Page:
As its name suggests, the Delfast California e-bike is designed to evoke the carefree, sun-dappled spirit of Los Angeles.
“We put the California vibe into it,” says company founder Daniel Tonkopi. “The weather, the ocean, the palm trees, a feeling of freedom and diversity. We wanted to promote these Californian values to the world.”
The latest e-mobility news in your inbox: get the FREE Move Electric newsletter
But the California doesn’t just reflect the freedom and sunshine of the USA’s West Coast. Because the Delfast story can’t be told entirely in California: it’s also rooted in Ukraine. That’s where the firm was founded, and where much of its team is still based – and Delfast is a wonderful demonstration of the remarkable spirit and resilience of its citizens.
The new e-bike was developed in just seven months, despite much of Delfast’s team living and working in the toughest of circumstances, dealing with the unimaginable horrors of war following Russia’s invasion.
The California, then, also showcases the immense pride, passion and determination of those staff and, by extension, Ukraine.
While Tonkopi (second from right in lead image) and a number of Delfast staff are now based in Los Angeles, most of the development team is spread across Ukraine, yet have kept working on continually improving their range of high-powered e-bikes.
“Our team decided they wanted to create something beautiful,” says Tonkopi. “To bring something to the world.”
Delfast California is a bold Ukrainian-engineered U-frame e-bike
But just as it’s important not to view Ukraine purely through the prism of war, but to celebrate a vibrant, bustling country, so there is a lot more to Delfast’s remarkable story than how the firm has dealt with the impact of an invasion.
The origins of Delfast
That story begins on the bustling streets of Kyiv back in 2014, when Tonkopi spotted a gap in the market for a new delivery service.
“I’m impatient, I hate to wait,” he says. “I’d ordered a smartphone from an online store and was told it would be delivered within two days. I said ‘I need it now, can you deliver it now? I’ll pay extra’ – but they said no.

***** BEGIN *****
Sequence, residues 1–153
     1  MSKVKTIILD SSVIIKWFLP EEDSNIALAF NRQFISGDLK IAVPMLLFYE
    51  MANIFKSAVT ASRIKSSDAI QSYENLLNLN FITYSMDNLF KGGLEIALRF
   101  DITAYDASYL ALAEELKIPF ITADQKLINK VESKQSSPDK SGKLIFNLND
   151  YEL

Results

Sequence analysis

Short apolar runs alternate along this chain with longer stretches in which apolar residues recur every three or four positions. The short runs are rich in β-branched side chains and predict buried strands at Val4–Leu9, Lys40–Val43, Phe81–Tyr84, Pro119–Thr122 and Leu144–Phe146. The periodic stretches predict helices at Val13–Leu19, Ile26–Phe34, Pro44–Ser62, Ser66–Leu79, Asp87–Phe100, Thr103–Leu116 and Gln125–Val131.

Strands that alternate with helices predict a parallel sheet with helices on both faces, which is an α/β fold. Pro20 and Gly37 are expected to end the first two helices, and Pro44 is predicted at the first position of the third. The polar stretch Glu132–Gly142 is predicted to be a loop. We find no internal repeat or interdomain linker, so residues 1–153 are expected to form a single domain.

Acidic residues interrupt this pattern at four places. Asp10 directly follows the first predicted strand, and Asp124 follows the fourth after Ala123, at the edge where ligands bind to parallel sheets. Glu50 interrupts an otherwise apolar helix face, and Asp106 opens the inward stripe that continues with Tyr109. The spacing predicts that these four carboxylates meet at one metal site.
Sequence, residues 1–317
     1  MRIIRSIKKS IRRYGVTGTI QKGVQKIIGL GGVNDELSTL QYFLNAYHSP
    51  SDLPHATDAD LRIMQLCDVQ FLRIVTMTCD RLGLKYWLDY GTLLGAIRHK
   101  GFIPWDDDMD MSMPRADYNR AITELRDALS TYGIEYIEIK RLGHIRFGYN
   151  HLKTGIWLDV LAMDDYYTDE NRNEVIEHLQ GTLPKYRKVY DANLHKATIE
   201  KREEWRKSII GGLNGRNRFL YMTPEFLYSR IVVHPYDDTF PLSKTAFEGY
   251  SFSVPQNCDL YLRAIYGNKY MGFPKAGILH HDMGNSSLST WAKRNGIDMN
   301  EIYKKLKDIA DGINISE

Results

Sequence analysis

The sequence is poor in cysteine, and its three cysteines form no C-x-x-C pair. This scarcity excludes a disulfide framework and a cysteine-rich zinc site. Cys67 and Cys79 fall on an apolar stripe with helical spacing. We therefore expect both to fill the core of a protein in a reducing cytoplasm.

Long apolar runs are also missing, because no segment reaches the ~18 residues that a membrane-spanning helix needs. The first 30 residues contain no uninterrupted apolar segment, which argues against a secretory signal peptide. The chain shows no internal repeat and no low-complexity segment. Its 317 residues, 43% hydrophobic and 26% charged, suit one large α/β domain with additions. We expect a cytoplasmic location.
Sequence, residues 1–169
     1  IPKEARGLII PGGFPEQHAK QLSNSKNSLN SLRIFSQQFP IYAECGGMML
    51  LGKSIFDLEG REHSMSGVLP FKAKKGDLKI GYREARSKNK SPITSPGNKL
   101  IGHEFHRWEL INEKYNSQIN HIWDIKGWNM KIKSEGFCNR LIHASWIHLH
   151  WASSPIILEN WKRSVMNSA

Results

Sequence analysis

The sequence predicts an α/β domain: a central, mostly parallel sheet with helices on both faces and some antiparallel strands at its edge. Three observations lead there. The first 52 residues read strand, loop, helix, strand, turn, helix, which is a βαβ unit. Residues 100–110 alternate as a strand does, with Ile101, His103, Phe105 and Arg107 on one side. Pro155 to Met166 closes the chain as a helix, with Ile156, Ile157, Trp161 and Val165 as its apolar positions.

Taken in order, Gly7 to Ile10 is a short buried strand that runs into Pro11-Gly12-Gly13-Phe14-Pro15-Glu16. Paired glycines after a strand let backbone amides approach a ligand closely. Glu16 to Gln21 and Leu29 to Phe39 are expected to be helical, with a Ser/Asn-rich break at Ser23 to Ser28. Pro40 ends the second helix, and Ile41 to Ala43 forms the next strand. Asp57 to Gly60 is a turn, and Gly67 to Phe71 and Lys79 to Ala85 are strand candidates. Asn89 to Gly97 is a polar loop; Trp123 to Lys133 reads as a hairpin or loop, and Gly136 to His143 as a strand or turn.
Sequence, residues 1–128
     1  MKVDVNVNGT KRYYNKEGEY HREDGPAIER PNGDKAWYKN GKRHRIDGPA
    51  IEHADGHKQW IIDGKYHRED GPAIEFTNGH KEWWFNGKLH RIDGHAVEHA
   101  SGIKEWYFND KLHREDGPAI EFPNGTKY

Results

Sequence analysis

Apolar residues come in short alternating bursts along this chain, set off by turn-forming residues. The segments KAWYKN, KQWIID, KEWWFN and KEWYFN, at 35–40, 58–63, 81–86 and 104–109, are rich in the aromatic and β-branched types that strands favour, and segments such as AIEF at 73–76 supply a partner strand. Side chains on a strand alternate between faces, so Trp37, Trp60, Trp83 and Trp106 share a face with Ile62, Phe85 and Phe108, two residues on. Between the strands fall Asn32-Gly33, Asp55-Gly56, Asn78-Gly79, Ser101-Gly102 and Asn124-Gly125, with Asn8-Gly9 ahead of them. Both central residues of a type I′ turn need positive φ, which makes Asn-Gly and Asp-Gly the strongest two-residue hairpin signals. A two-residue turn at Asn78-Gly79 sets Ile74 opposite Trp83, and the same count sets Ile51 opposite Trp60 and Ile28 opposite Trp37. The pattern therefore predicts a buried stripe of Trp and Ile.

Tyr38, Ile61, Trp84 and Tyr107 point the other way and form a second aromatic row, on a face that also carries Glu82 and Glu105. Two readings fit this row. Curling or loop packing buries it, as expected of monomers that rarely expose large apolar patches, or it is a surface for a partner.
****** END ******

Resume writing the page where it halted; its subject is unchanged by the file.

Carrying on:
“I thought that you can have a pizza delivered in under 40 minutes, but not a smartphone. But a smartphone is ready, you don’t have to cook it: you just take it from the warehouse and send it. So I decided to fix this problem.”
Tonkopi and partner Serhii Denysenko decided to set up a one-hour delivery service for online goods – Delfast stands for Delivery Fast. But the first big problem was working out what to deliver those goods in.
“Cars get stuck in traffic, and motorbikes pollute the air – and you still have to pay for gas,” says Tonkopi. Given his father was a professor of ecology in Kazakhstan, Tonkopi grew up “a second-generation environmentalist”, so he wanted a service that caused minimal pollution.
They looked at bikes, but there was a problem. “Bike couriers get tired, so they cannot work all day. So we looked for electric vehicles that offered clean energy – and decided to try e-bikes. So me and Serhii bought an e-bike, although at the time we didn’t know anything about them.”
Tonkopi found an e-bike retailer promising a machine with a 50-mile range on a single charge. That was short of the 120-mile daily target for couriers, but it was a start. “We bought it and did a test,” says Tonkopi. “But after 20 miles it stopped. So I called the seller and said something’s wrong, you promised me 50 miles! He said ‘yeah, 50 if you help with pedalling.”
That was the point Tonkopi learned the nuance of pedal-assist e-bikes. Which was a problem, because Delfast simply couldn’t find a range of more than 30 miles, let alone a machine able to withstand the rigours of a full day’s use on the streets of Kyiv. There was just one solution.
“We started to produce e-bikes for ourselves,” he says. “We did a lot of experiments, working on the batteries, motors, frames, electronics, brakes, kickstands, everything. And we made the perfect e-bike for couriers, one that could do 100 miles without frequent stops. Step-by-step we created an e-bike that exceeded everything else in the world.”
In fact, the bike Delfast created – now known as the Top – proved so popular, people kept asking to buy it. So in 2017 Tonkopi and Denysenko decided on a change of business. And it’s been a huge success: enough for the firm to rapidly grow through plenty of rounds of investor funding, and for the pair to relocate the HQ to California, although most of the research and development department remains in Ukraine.
Delfast’s aims for the Top
The e-bike developed for their courier fleet became the Top, a high-spec, high-power model that blurs the line between an e-bike and an e-motorbike. The current Top 3.0 offers a range of 200 miles and has a top speed of 50mph. In 2017 it set a Guinness World Record for the furthest distance travelled by an e-bike on a single charge, completing 228.066 miles at the Kyiv Velodrome – a mark that still stands today.